My situation was further complicated by the fact that the script that I was supposed to proofread and send was in a wrong format. The wifi in the hotel wasn’t working and my Indian numbers were non-functional. The script was due the next day and I had to get the word across to fellow traveholic MM. The manager was having a long flirtatious conversation with his girlfriend and I had no option but to listen to him finish his amorous exchange so I could borrow his phone. After what seemed like a life-time, he lent me his phone with a sheepish grin saying, “Nepali girls, you know. Not easy to manage. He he he.” I got a deservedly good rap on the eardrums from MM for a). delaying the script and b). not getting a local sim card and I recovered from it by having a couple of beers and watching IPL with the manager.

The next morning, I went to the Nepal Telecom office to apply for a local sim card because my Indian numbers stopped working here. I was expecting this to be a huge hassle that took all day but they only needed a photocopy of my passport and a photograph and my application was processed by the efficient staff at the office in a painless 5 minutes. No clueless customer service boys demanding electricity bills and “local address proof”. This thrilled me no end because I could now move on to Lumbini immediately and finally begin traveling in Nepal.

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Having spent two weeks in Lucknow, I was itching to leave and I had many options in front of me – Mathura and Vrindavan for Holi to the West, Orchha and Bundelkhand in Madhya Pradesh to the South, Bangladesh to the East and Nepal to the North. Since I had been traveling without a pause in India for more than a year, it made sense to go to another country and between the cool Himalayan weather of Nepal and the encroaching summer and the resultant humidity of Bangladesh, the choice was easy to make.

So I booked myself a ridiculously cheap “Deluxe” room at the Gorakhpur station along with tickets to the Intercity to Gorakhpur on the irctc website, hauled myself across the mayhem of the twin railway stations of Lucknow Junction and Charbagh and hopped into the bustling cacophony of the AC Chair Car of the Intercity. I had been assigned Seat No. 68 by the Indian Railways, the very seat I was staring at in horror as a little boy wearing a bright yellow T-shirt embroidered with teddy bears was having a wonderful time drooling all over it while playing with a mobile phone. His father soon arrived on the scene. He had no tickets, he said, but was confident enough of bribing the TC to get a seat or two for his family of 3, so could I let the boy occupy my seat while he cracks a deal? Absolutely not, I said, and demanded that the boy be removed from my seat immediately. The two girls occupying the seats next to mine supported my demand which caused the father to lose his temper and hurl fiery misogynistic invectives at them. This enraged everyone from Seat 72 to Seat 48 and the little boy, protesting violently with deafening screams, was forcibly evicted from my seat.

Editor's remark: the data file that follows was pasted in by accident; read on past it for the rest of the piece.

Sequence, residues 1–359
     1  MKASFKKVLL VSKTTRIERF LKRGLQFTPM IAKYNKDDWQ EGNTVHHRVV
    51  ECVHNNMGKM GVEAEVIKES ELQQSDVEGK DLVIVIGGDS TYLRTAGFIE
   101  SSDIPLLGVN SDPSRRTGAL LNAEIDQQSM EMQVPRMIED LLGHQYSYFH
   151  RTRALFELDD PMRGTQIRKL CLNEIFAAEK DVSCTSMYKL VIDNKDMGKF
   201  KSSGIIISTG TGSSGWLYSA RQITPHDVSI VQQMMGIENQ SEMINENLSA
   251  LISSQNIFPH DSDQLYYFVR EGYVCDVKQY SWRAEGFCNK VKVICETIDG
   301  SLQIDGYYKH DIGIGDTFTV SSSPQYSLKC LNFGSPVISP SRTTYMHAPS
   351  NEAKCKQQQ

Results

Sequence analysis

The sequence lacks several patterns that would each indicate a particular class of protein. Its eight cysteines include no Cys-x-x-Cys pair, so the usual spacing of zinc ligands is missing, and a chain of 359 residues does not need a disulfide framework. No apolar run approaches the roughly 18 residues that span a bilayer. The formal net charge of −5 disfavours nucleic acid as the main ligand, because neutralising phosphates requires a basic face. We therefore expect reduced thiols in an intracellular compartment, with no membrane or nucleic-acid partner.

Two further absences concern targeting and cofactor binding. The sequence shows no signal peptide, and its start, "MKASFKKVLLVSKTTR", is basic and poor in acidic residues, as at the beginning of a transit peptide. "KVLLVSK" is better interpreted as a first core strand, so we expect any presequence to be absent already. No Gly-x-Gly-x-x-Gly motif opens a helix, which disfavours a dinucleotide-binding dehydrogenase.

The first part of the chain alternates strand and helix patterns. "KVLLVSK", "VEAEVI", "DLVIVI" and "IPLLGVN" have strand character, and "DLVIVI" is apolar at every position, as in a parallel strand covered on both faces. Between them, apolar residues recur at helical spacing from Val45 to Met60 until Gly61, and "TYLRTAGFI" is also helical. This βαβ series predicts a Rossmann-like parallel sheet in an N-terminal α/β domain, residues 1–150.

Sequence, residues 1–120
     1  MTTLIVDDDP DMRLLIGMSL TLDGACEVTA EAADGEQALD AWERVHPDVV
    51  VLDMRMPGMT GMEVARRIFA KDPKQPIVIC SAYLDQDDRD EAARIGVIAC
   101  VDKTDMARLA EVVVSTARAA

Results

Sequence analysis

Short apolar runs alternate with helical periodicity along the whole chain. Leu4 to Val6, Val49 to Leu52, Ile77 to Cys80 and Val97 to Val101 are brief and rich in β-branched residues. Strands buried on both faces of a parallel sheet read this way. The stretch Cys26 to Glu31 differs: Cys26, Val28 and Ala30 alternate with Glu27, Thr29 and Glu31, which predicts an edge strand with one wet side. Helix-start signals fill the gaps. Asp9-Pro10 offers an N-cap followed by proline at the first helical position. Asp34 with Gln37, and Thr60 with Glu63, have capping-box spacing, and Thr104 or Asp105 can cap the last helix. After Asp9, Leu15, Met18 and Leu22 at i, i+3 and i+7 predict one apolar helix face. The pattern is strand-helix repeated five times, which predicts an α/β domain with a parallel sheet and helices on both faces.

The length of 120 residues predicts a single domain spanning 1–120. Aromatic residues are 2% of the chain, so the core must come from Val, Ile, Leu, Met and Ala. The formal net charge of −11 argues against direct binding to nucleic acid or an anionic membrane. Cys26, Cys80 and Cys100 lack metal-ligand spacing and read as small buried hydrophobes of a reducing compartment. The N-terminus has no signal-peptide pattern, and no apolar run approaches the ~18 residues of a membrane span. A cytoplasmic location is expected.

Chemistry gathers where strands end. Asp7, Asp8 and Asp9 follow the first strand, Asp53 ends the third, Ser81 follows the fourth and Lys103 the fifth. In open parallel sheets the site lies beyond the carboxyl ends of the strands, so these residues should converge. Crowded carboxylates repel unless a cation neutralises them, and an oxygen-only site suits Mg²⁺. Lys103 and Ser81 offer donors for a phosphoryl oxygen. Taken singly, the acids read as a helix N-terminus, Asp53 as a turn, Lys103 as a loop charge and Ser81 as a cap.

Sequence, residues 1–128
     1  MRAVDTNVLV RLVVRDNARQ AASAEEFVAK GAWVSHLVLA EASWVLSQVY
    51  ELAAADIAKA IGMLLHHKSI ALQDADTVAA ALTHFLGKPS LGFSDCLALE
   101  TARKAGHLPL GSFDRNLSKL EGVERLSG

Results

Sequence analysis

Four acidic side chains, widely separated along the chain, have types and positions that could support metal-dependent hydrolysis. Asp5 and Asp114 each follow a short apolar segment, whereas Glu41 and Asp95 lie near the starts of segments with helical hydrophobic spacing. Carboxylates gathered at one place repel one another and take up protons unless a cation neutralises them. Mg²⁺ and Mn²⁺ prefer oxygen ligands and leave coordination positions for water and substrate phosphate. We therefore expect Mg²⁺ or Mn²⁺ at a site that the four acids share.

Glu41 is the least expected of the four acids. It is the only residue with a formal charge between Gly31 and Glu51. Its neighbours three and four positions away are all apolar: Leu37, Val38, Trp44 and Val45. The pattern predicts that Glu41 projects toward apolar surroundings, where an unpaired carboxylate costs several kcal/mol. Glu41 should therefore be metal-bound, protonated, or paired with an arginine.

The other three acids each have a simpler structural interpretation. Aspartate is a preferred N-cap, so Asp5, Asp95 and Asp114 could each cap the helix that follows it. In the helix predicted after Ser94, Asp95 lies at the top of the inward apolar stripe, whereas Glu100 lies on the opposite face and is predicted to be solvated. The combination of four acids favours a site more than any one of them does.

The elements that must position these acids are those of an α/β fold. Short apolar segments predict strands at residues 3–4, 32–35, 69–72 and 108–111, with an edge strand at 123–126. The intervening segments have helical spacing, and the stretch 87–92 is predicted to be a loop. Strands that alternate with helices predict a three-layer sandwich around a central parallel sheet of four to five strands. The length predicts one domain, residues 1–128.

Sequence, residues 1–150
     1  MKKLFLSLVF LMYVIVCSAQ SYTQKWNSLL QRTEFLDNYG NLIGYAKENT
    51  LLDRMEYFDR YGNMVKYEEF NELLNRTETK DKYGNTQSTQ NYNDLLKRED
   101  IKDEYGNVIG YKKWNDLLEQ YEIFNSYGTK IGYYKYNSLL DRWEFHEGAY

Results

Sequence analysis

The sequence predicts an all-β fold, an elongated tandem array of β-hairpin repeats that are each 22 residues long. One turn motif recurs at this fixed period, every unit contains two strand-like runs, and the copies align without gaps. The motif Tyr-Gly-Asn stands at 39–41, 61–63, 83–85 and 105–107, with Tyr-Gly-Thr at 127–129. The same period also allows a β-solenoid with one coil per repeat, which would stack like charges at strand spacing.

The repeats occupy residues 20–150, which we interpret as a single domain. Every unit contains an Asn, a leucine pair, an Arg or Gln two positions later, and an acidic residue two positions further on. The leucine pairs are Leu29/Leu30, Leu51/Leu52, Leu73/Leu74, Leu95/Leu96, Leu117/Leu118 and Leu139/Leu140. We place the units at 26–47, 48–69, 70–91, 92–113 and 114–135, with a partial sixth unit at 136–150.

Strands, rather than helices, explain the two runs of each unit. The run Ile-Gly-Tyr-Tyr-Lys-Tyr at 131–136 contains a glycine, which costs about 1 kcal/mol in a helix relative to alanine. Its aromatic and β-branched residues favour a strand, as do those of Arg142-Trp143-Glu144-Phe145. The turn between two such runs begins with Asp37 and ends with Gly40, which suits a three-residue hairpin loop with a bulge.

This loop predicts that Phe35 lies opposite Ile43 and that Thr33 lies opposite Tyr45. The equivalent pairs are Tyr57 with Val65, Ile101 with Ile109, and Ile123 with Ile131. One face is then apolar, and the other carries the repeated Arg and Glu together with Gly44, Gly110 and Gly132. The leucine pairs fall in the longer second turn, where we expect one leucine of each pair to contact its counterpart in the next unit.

Once the train got moving, I was happy that, for once, I had two pretty girls for company instead of a fat old man in a business suit snoring away. BM and HM were sisters who lived in Lucknow and were on their way to a wedding in Gorakhpur. Contrary to most people I’d spoken to in Lucknow, they disagreed when I suggested that the city had been decaying for a long time. They felt that the people who said such things were elitist snobs who had the luxury to escape and lost touch with the reality of the city. They were particularly impressed with the new malls in Gomti Nagar and places to hang out in the city which were difficult to find earlier. Once they finished their studies – BM wanted to be a lawyer and HM a doctor – they aimed to leave the country. BM had a hopeless crush on a presumably handsome boy from her college and HM kept teasing her about her vain attempts to flirt with him and to distract him away from his current girlfriends. HM was of the opinion that BM would never leave the country until the boy made a marriage proposal to her. BM, in turn, sniped back at HM threatening to reveal some of her cherished secrets. And then, they needled me to open some scandalizing cans of worms of my own. It was incredible fun to travel with the girls and I felt that familiar pang of sadness and regret when the time came to say inevitable goodbyes to people who had become the best of friends for the shortest of whiles.